How one person I know & her group, have helped others & have helped come up with proposed legislative changes in Pennsylvania…
Why not do the same where you live and contact your own legislators?
As have many of you, I have been deeply affected by the tragedy in Newtown, CT, a community where I know many people. I know that there are some proposals in CT now for further tightening of gun laws. There are also communities around the country that are reviewing their own gun control laws, as well as hopefully taking a look at improving availability of mental health screenings and treatment procedures for those who already have diagnoses. I am praying that changes for the better in these areas will occur and that we can feel that some good has resulted from the senseless taking of so many innocent lives here in CT.
While the shooter in the Newtown tragedy did not have what is considered a known mental illness diagnosis, it is still very important for a multitude of reasons, for us to address the weaknesses and gaps in services available around the United States for those suffering from mental illnesses.
My old friend, Ruth Deming, MGPGP, is the Director and Founder of New Directions Support Group in Abington, PA. Her wonderful group serves Montgomery County, Bucks County and Philadelphia, and is for people with depression, bipolar disorder and their loved ones. Ruth and her group offer many different helpful, educational and fun activities and presentations. Social support is an important component of their work. I can’t say enough about what this group offers to its members and to the community.
Ruth is an award-winning mental health advocate and a published writer. She founded the first group of this kind in the Philadelphia area in 1986. She was, herself, diagnosed at age 38 with bipolar disorder, which was terrifying to her and changed her life in ways she would not have been able to envision. As a divorced mother of two young kids, after her hospitalization during a sudden manic-psychotic episode, she realized how much she needed to be around others with the same condition, in order to learn from them and to help each other. She placed an ad in the newspaper and her first group meeting took place soon after, in Hatboro, PA. Always, a creative, unique and motivated person, Ruth returned to productivity and earned a Master’s Degree in Group Process & Group Psychotherapy from Hahnemann University, in 1992. She authored Keys to Recovery to enable her clients to lead “healthy, productive lives with minimal interruption from our illness”.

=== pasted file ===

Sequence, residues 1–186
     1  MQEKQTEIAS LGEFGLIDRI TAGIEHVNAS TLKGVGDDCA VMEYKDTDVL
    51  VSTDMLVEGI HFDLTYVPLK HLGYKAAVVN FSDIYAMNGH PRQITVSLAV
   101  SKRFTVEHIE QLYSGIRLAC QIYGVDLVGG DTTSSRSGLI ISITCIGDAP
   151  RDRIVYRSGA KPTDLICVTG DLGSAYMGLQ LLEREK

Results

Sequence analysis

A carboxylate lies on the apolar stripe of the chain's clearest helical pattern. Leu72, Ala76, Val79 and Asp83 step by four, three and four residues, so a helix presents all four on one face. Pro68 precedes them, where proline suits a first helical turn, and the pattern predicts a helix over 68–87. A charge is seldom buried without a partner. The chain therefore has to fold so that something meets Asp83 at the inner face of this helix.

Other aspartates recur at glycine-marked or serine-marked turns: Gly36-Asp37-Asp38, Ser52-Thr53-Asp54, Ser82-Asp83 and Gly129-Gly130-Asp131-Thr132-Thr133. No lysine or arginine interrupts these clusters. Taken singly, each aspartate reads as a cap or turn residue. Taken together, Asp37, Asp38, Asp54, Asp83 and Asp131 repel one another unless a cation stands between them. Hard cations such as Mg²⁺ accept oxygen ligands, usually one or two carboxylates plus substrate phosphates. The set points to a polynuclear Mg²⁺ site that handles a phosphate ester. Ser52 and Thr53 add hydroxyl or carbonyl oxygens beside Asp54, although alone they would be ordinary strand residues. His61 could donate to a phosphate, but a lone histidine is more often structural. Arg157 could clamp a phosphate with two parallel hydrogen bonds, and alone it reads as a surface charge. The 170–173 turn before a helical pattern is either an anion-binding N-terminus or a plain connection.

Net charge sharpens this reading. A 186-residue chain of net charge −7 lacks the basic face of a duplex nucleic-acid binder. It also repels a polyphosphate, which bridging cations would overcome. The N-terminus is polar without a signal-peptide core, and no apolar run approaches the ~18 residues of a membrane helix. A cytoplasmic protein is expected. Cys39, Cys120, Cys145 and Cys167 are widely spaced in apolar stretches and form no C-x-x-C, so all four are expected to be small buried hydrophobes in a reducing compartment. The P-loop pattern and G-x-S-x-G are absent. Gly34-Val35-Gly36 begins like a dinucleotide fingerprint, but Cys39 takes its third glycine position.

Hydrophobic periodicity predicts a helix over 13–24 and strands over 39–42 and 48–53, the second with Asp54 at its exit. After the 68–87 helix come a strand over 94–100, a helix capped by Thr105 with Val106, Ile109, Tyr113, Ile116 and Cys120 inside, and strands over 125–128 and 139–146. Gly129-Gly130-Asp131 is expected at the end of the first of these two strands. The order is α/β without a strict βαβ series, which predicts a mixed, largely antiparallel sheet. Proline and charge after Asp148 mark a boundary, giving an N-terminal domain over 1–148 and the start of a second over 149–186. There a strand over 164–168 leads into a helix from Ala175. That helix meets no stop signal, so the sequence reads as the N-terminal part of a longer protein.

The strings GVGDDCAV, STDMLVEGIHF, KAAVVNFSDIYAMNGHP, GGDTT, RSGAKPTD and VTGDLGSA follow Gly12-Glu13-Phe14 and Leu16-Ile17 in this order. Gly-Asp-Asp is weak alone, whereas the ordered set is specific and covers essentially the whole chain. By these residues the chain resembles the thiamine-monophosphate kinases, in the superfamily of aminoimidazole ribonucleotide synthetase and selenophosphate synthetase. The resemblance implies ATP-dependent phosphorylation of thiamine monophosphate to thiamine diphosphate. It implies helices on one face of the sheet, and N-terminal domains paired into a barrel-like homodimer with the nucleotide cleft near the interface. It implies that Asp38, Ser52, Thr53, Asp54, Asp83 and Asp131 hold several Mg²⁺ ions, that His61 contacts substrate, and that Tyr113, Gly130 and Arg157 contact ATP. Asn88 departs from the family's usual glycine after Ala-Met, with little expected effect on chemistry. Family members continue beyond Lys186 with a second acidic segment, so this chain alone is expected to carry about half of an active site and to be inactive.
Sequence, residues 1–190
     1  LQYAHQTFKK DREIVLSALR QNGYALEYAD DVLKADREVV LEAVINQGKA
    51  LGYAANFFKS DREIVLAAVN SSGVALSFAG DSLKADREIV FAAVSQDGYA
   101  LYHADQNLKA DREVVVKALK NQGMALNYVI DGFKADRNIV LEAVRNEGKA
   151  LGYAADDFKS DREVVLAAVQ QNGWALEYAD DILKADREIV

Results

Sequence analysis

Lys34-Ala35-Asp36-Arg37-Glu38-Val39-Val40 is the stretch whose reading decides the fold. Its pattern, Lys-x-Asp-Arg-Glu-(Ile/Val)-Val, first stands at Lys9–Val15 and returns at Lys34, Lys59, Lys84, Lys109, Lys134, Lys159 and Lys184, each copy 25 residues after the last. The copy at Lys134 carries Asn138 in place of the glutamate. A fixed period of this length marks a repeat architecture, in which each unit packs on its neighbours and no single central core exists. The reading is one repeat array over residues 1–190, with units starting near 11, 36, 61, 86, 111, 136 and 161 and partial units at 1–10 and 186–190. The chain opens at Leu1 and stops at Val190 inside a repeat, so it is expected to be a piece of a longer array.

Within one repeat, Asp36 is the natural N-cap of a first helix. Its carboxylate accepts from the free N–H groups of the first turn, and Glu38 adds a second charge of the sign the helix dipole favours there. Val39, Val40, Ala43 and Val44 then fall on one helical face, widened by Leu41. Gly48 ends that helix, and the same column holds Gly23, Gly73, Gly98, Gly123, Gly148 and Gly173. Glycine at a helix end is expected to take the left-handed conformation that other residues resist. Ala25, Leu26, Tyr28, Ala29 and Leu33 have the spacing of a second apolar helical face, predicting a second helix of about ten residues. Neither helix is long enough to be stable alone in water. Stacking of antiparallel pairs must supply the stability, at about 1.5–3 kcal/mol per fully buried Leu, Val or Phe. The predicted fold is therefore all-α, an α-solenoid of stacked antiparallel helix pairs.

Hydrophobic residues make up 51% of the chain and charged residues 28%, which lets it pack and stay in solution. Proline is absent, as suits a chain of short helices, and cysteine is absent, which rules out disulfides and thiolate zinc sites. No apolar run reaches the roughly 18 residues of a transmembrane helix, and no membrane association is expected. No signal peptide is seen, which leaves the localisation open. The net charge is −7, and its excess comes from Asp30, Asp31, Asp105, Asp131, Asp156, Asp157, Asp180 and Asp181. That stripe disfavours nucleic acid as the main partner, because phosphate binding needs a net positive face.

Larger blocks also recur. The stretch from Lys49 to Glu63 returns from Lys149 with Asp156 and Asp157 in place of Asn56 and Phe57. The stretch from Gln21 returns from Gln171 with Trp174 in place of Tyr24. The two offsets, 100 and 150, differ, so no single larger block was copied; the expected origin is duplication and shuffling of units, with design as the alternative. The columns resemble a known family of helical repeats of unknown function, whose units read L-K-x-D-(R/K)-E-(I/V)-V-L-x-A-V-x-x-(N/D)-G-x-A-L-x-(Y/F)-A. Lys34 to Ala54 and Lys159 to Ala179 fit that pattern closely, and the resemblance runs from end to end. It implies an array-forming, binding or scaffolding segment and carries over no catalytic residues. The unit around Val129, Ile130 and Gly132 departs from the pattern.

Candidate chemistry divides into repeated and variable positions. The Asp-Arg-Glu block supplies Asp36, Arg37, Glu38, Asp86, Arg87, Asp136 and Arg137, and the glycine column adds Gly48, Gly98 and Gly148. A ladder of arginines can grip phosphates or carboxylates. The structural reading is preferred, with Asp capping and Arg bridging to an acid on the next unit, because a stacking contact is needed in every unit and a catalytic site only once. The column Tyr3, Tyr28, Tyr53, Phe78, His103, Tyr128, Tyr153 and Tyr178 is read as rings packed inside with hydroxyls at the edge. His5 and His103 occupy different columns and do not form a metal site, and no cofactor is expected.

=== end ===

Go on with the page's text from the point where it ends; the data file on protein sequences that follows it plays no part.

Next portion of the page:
There are also “job coaches” to help “disabled” individuals until they acclimate to their job.
2- Families and Loved Ones
Two 90-minute classes should be provided for families. Focus on understanding what client is feeling – their fears, altered thoughts, mistrust, paranoia, spending sprees, etc. – and how to be of help to them. Importance of talking tactfully to them. See video at www.mentalhealthfirstaid.org where client’s beliefs, even if false, are reinforced by caregiver in order to help the client get appropriate treatment.
NAMI holds classes for families in their 12-week free Family-to-Family classes, funded by individual NAMI chapters. Classes include those in Bucks and MontgomeryCounty.
3 – Hospitalization
Many patients leave a psychiatric hospital without knowing what happened to them. They need a diagnosis by a psychiatrist. Hospitals should explain to patients – and also to family members – about the diagnosis and medications given to treat the condition.
Hospitals are often perceived as boring places and a waste of time. Hospitals should offer meaningful therapy, as well as classes such as yoga, mindfulness meditation, art therapy, horticulture therapy, to make the patient’s stay worthwhile. Hospitals are often seen as inhospitable, unfriendly places that patients avoid at all costs, many times to their great detriment. If the experience is as pleasurable as can be, hospitals will get a deserved good name and patients won’t have to be coerced into checking in.
Crisis Centers – A crisis occurs when someone has suicidal thoughts or is so depressed they are unable to care for themselves.